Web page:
Flanagan capped the discussion by addressing the board. “It’s no one’s fault that we’re here,” the superintendent said. “We learned about this problem through doing our due diligence.”

As leaders, he said, the school commissioners are being tasked with making hard decisions.

“There are ways out of this and into a high school that we can be proud of,” said Flanagan, “and we need to stay positive and optimistic and know that it’s our responsibility to keep our community safe, and to keep doing this work together.”

The school board’s Building Construction Oversight Committee is scheduled to meet at 5:00 p.m. on Thursday to discuss the issue further.

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Pension Task Force Bill Advances Despite Unions' Objections

Posted By on Wed, Apr 14, 2021 at 7:03 PM

JESS SUTTNER ©️ SEVEN DAYS
  • JESS SUTTNER ©️ Seven Days
Nearly two weeks after Democratic leaders shelved plans to tackle pension reform this legislative session, plans for a task force charged with tackling the issue this summer are taking shape.

A bill approved Wednesday by the House Government Operations Committee would create a 15-member Pension Design and Funding Task Force to generate ideas for fixing the state’s ailing pension system.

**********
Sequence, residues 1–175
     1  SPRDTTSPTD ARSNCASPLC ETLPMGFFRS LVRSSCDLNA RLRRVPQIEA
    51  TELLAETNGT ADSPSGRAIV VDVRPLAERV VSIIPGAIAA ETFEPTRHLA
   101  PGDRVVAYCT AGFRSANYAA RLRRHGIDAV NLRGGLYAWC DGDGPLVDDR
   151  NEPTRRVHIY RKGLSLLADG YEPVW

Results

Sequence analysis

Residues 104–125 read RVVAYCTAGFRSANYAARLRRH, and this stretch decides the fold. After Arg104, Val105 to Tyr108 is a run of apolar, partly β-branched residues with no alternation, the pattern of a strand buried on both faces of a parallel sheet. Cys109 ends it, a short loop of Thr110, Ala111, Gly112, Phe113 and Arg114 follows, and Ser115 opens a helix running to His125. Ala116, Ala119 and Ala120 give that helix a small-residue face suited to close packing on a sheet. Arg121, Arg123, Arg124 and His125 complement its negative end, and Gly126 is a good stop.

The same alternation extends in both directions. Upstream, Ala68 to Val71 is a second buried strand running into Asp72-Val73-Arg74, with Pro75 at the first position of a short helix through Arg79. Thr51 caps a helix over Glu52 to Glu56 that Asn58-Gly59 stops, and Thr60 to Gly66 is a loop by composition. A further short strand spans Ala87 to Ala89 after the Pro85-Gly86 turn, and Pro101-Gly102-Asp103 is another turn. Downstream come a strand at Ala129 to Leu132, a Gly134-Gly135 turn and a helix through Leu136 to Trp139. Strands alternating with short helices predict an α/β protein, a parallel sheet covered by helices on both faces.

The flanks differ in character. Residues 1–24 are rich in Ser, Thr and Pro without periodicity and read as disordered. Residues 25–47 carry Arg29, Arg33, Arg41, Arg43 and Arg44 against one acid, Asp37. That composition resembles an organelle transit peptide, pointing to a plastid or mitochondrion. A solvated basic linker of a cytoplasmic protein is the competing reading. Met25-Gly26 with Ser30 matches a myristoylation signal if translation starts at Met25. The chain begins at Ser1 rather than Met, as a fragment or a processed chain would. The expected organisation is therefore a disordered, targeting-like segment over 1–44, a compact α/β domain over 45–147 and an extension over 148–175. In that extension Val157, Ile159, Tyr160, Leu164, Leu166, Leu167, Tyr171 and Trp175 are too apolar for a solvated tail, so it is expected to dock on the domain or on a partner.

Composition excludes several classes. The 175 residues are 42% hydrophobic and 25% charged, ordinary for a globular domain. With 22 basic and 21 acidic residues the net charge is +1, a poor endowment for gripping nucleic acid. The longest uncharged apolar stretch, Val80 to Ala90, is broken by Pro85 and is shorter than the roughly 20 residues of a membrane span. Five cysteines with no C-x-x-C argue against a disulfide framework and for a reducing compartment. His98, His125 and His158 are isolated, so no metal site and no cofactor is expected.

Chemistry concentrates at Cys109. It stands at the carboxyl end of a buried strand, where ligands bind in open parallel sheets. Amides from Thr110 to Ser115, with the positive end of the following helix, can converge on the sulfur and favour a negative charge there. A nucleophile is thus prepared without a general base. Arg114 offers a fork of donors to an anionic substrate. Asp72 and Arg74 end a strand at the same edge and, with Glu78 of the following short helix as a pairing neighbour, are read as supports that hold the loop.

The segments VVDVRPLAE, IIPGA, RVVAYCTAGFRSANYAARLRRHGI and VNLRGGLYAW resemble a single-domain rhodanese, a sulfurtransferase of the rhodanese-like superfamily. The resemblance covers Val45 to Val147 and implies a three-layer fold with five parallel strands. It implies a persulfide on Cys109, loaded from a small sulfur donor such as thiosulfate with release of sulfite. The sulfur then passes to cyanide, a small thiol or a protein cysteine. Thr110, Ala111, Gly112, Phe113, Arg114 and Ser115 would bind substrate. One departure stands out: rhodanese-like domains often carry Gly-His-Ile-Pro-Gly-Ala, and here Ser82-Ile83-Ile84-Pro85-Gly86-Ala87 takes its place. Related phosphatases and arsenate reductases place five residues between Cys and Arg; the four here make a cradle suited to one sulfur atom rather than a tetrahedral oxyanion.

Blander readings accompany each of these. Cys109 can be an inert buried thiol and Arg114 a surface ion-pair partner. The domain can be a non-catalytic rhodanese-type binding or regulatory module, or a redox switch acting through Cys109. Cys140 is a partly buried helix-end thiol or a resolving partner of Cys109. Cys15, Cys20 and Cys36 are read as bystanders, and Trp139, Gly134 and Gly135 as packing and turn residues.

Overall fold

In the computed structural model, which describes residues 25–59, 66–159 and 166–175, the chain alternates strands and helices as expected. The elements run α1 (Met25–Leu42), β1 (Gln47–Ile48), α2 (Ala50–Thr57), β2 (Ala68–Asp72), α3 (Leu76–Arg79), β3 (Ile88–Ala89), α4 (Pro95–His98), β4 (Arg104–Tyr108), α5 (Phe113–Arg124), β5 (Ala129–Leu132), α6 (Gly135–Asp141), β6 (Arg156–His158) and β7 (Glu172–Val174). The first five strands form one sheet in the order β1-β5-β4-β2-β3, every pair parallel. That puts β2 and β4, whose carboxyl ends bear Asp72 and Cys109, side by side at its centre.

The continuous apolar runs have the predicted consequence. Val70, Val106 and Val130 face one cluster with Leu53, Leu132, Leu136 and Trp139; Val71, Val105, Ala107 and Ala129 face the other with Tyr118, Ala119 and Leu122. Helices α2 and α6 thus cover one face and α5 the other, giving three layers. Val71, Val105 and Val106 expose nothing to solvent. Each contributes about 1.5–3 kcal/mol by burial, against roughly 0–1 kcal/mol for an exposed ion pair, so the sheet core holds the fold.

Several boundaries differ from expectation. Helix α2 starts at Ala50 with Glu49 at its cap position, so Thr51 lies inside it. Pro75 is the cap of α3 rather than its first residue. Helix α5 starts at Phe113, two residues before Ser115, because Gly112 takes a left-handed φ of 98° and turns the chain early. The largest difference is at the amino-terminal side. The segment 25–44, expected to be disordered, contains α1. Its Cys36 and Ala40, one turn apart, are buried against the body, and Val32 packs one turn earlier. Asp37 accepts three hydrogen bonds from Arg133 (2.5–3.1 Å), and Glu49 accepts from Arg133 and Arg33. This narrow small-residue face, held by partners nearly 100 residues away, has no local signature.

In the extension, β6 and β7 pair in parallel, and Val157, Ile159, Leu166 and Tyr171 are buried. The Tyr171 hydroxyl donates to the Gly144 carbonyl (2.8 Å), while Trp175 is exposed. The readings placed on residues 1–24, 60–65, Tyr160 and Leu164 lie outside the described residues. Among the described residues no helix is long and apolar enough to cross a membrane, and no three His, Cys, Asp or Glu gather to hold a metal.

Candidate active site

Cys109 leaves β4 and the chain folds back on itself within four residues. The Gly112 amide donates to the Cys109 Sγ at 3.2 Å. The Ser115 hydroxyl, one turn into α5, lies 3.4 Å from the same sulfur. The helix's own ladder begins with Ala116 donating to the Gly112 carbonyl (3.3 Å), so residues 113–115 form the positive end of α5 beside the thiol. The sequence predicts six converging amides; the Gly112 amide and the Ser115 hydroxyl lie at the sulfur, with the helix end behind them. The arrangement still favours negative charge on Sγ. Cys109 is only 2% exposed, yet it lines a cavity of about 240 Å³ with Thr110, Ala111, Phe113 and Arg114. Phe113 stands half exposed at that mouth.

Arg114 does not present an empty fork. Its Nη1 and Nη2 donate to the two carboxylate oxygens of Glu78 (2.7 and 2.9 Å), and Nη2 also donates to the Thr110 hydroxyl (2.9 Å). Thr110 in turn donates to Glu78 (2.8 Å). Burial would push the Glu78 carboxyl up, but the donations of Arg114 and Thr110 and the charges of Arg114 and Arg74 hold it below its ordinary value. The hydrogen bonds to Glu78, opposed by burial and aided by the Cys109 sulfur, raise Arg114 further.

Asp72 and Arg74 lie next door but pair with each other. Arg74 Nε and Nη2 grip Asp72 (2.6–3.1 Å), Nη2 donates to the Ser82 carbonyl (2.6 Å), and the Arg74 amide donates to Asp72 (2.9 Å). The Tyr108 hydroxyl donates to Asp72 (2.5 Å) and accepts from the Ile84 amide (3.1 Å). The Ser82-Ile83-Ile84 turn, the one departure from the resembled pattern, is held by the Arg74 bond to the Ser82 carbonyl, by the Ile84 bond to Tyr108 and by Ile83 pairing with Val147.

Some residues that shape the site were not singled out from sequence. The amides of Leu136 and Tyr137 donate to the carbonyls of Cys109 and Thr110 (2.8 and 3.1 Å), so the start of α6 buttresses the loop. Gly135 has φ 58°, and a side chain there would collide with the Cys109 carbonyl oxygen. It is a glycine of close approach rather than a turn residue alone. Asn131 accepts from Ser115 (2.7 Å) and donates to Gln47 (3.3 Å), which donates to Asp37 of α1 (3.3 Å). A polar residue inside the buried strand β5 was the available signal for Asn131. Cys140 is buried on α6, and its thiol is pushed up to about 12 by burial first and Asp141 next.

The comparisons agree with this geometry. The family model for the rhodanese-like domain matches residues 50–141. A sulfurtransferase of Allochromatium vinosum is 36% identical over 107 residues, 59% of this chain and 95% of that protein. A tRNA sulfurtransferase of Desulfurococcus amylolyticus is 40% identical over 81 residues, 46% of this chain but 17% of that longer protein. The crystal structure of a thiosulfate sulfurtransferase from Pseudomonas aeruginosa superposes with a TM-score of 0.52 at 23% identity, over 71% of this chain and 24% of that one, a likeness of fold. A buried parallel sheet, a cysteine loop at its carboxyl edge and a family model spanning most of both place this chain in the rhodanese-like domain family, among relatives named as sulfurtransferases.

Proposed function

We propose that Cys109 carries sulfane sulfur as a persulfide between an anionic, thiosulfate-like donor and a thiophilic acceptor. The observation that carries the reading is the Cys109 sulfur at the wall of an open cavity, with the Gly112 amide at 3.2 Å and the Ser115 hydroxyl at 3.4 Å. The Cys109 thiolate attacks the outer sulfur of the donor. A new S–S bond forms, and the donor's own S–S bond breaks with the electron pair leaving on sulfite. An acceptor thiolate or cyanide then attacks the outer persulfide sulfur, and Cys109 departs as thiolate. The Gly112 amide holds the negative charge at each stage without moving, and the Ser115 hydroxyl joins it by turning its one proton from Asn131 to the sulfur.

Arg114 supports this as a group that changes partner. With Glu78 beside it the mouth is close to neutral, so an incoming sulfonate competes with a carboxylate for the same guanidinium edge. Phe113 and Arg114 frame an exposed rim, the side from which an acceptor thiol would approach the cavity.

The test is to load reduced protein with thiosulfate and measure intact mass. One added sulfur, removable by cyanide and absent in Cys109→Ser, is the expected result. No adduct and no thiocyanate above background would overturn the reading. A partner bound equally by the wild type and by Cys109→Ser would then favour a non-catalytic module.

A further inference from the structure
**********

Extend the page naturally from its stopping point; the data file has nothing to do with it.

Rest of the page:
The bill would also add three new members to the existing seven-member committee focused on pension investments, which has come under legislative scrutiny for the investments' poor investment returns.

Taken together, the measures would tweak the pension governance structure this legislative session while putting off until next year the more controversial changes to future benefits and contribution rates for the state’s current 17,300 employees and teachers.

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Burlington Airport Readies for Direct Flights to Boston, Dallas

Posted By on Wed, Apr 14, 2021 at 3:48 PM

Burlington International Airport - FILE: MATTHEW THORSEN ©️ SEVEN DAYS
  • File: Matthew Thorsen ©️ Seven Days
  • Burlington International Airport
Gov. Phil Scott has all but promised Vermonters that by July 4, life will be much as it was before the pandemic — at least when it comes to crossing state borders.

Burlington International Airport is ready. On Wednesday, the airfield announced its first direct connection with Dallas, starting on July 3. And on April 7, the airport announced a direct connection with Boston, starting April 29. It will be the first time BTV has provided direct service to and from Boston since 2008.

“There seems to be a lot of pent-up demand,” said Gene Richards, the airport’s director of aviation.

BTV has seen a massive dip in passengers during the pandemic, particularly before the state started vaccinating residents in mid-December. Before COVID-19 came along, about 10,000 passengers came through the airport each week, a number that rose to 15,000 in the summers, said Richards. During the darkest days of 2020, that dwindled to as few as 800 a week, he said.

These days, with direct connections between Burlington and 10 cities, the airport is seeing about 5,000 passengers each week, according to Richards.